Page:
The significance of the Obama-era scandals

Republicans may be overjoyed--they have a triad of scandals to hold against the Obama administration. There's new information on Benghazi including the edit trail of the administration talking points and testimony of personnel who dissent with administration handling of the Benghazi attacks. The IRS targeted Tea Party groups for onerous oversight, and the Department of Justice (DOJ) subpoenaed and seized phone records of many journalists of the AP.

Benghazi is the oldest of the scandals, dating from September 2012. The death of four Americans at a satellite diplomatic facility in Libya hasn't been the story that the GOP had hoped for. It's difficult to turn a single incident like Benghazi into a wide-ranging indictment of the administration's capability of running competent foreign relations. The Obama administration has generally been competent, with fewer Americans soldiers dying, fewer wars started in various hot spots, and not considerably more nuclear tests by North Korea. It's hard to make the case that Obama is so incompetent that we need the more war-like Republicans in office. The narrative that some conservatives wanted to push, that Obama is a welcome mat for Islamist groups, was undercut by other groups in Libya attacking the group responsible for the attack. Also there's Obama's generally aggressive posture in Pakistan and Yemen that belie the GOP position.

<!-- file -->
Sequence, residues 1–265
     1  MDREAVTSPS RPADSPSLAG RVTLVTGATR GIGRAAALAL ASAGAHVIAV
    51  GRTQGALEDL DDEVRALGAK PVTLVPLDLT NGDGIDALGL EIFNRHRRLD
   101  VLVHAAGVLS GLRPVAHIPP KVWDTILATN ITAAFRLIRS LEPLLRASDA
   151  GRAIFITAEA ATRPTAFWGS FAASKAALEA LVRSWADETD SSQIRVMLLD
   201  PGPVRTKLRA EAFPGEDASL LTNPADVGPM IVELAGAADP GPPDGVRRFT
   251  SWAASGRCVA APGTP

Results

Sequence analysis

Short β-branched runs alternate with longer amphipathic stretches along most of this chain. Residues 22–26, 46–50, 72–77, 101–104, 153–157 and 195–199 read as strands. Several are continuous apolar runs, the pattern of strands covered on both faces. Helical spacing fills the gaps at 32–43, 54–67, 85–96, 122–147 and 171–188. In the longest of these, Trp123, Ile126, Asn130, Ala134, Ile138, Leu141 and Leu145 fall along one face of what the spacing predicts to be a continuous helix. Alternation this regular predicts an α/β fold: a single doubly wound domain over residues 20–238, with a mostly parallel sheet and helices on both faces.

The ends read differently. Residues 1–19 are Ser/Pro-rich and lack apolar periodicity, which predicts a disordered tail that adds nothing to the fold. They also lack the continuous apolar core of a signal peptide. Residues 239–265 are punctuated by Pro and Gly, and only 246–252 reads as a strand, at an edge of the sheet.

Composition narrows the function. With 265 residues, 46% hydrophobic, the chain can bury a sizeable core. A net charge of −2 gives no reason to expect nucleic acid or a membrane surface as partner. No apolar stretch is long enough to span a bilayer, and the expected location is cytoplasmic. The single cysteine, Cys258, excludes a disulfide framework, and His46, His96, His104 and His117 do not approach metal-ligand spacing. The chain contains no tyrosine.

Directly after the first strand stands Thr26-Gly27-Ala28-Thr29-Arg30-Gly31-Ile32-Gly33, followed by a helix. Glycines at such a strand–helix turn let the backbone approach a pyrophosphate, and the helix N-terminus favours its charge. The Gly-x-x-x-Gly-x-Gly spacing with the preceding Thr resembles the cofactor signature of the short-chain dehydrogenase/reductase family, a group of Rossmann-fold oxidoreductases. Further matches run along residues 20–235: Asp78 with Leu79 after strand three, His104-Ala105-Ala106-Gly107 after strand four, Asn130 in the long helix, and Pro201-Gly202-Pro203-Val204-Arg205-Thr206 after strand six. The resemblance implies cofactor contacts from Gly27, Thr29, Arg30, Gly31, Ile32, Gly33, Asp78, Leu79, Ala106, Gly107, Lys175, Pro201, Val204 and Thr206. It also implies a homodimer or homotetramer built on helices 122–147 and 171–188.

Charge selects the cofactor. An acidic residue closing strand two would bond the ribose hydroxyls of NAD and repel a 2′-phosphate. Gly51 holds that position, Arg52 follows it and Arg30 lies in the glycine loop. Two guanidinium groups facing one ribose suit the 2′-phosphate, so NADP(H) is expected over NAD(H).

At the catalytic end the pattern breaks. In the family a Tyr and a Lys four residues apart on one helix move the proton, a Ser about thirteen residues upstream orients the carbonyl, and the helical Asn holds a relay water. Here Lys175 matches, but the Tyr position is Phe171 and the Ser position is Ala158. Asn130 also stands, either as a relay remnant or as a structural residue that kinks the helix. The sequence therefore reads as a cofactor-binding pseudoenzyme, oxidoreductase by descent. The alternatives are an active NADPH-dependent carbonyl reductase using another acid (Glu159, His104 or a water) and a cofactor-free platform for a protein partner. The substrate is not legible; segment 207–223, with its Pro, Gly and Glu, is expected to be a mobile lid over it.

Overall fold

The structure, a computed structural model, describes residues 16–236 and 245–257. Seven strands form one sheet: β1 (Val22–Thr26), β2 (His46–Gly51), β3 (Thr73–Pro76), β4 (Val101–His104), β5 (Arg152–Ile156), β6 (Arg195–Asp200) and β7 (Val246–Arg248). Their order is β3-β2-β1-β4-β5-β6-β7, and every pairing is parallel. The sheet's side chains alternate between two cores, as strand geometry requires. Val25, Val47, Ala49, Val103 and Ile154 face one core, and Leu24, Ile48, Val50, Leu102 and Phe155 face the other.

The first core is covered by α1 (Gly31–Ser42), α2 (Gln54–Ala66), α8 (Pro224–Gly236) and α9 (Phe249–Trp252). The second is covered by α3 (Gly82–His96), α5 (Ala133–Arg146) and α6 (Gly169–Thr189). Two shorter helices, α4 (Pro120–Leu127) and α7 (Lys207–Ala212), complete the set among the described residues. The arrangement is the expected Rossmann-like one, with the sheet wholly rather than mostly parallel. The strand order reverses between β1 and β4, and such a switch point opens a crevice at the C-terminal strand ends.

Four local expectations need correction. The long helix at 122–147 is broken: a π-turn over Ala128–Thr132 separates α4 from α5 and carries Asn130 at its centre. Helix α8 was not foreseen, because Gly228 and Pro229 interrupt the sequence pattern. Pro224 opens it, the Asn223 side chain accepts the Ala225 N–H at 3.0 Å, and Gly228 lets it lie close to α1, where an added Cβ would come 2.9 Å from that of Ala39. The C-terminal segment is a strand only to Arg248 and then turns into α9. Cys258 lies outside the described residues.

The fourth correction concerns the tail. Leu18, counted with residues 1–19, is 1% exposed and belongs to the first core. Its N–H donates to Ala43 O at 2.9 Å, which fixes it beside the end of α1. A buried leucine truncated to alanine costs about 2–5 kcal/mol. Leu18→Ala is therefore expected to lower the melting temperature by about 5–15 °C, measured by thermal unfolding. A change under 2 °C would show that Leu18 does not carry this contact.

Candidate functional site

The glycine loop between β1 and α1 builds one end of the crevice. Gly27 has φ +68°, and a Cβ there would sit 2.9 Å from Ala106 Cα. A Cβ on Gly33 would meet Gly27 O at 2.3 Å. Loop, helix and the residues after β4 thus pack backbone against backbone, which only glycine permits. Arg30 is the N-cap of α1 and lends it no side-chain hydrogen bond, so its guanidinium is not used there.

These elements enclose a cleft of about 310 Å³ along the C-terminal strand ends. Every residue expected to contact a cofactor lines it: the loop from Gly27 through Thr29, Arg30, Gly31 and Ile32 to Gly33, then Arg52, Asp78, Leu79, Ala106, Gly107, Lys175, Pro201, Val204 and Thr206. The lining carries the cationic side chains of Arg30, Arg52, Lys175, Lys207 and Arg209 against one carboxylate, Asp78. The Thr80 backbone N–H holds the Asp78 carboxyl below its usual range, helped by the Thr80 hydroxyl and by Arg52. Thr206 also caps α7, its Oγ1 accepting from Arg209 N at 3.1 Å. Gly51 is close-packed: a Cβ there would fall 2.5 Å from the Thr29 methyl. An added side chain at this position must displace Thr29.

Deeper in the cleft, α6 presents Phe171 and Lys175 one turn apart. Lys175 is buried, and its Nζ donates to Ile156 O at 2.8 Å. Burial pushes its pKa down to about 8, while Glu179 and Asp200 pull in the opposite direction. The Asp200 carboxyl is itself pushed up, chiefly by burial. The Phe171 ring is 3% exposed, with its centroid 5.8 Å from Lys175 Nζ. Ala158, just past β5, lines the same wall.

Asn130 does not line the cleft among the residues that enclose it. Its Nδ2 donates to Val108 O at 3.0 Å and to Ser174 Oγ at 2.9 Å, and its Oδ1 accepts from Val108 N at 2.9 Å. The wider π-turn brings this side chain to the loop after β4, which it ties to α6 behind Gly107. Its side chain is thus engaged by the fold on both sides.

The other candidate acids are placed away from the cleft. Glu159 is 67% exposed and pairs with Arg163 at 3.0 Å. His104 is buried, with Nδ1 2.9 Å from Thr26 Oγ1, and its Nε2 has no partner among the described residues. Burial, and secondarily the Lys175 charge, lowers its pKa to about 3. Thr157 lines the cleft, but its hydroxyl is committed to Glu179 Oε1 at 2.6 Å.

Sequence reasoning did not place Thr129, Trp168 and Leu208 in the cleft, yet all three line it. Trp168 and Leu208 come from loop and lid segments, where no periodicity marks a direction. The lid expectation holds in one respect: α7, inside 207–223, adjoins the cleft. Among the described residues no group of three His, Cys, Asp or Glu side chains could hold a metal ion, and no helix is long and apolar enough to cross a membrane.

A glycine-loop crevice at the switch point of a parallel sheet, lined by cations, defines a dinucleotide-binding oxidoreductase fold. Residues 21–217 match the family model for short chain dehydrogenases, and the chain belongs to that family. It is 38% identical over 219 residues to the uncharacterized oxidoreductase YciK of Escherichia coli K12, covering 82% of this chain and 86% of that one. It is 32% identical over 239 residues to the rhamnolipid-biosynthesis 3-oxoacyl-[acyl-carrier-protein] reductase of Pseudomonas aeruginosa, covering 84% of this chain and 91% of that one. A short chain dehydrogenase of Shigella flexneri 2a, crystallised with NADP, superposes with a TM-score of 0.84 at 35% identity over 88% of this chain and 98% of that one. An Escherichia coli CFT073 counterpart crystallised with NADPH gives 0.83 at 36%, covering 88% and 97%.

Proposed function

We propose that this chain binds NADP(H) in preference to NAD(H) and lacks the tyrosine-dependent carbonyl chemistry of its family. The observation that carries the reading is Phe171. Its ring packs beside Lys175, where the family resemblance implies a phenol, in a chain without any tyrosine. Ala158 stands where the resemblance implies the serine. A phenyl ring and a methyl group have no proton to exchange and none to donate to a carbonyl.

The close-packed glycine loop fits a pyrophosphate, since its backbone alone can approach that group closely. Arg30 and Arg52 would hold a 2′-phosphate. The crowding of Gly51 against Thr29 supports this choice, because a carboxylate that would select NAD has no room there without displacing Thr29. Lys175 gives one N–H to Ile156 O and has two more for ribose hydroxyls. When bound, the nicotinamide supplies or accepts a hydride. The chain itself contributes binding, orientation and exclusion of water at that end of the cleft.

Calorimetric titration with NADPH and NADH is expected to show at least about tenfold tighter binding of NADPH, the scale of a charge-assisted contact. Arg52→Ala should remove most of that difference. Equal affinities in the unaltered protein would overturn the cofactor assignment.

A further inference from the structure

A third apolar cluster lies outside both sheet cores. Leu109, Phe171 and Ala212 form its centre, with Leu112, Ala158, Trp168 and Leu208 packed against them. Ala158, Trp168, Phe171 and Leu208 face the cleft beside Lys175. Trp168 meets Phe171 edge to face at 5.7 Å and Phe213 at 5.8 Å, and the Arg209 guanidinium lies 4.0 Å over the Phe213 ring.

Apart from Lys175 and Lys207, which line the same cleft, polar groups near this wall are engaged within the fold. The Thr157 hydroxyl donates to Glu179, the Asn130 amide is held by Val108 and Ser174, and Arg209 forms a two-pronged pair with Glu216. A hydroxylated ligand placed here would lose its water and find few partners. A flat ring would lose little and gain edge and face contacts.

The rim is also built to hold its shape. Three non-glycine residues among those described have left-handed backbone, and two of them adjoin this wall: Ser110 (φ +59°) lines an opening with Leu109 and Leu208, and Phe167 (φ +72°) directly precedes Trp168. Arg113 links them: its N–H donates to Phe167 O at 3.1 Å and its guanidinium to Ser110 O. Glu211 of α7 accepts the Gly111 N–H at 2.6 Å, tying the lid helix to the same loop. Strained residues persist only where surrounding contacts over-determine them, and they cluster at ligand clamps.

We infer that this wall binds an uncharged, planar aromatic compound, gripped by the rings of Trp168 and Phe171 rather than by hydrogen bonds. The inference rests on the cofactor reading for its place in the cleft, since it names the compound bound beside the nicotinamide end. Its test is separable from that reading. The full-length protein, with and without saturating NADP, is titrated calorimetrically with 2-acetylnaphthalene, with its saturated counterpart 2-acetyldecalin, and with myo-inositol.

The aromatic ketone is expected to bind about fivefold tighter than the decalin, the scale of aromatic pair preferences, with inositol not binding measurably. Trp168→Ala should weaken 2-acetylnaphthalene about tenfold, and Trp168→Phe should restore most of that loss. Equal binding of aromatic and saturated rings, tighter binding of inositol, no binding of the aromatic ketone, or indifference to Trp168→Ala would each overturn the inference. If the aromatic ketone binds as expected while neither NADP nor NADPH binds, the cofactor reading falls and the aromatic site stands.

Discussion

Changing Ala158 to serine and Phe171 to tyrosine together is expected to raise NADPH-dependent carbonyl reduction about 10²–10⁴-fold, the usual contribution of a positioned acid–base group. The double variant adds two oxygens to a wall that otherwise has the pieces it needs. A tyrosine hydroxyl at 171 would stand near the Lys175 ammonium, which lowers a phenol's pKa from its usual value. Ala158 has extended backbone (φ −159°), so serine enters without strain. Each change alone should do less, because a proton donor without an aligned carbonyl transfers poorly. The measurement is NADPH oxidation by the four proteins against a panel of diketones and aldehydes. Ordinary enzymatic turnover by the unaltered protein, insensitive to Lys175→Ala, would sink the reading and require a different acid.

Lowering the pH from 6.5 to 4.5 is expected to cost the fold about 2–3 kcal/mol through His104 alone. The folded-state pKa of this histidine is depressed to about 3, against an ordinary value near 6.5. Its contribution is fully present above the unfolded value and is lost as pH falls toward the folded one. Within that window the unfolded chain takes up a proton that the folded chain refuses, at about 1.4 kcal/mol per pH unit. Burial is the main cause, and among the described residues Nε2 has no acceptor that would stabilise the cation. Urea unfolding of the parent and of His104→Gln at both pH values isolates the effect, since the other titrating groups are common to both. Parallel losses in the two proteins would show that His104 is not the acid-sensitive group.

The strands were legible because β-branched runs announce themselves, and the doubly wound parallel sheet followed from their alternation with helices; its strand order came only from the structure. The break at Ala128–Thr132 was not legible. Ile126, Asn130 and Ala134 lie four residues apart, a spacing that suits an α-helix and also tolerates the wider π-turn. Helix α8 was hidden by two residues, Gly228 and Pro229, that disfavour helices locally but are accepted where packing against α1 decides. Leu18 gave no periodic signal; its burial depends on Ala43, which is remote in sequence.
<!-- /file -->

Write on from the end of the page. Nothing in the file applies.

So how bad is Benghazi? Hillary is looking less like the firm hand at the State Department handling a myriad of international situation without any of them spinning out of control. She ignored the warnings of dangerous conditions in Benghazi, and she has no good way to apologize for it. This is a black mark against her that she can't clean up. So far her efforts have been defensive and screechy--she may need to learn how to be humble and contrite. She has to hope that her strong points are enough to compensate. That said, she has a couple years to figure out how to explain and mitigate.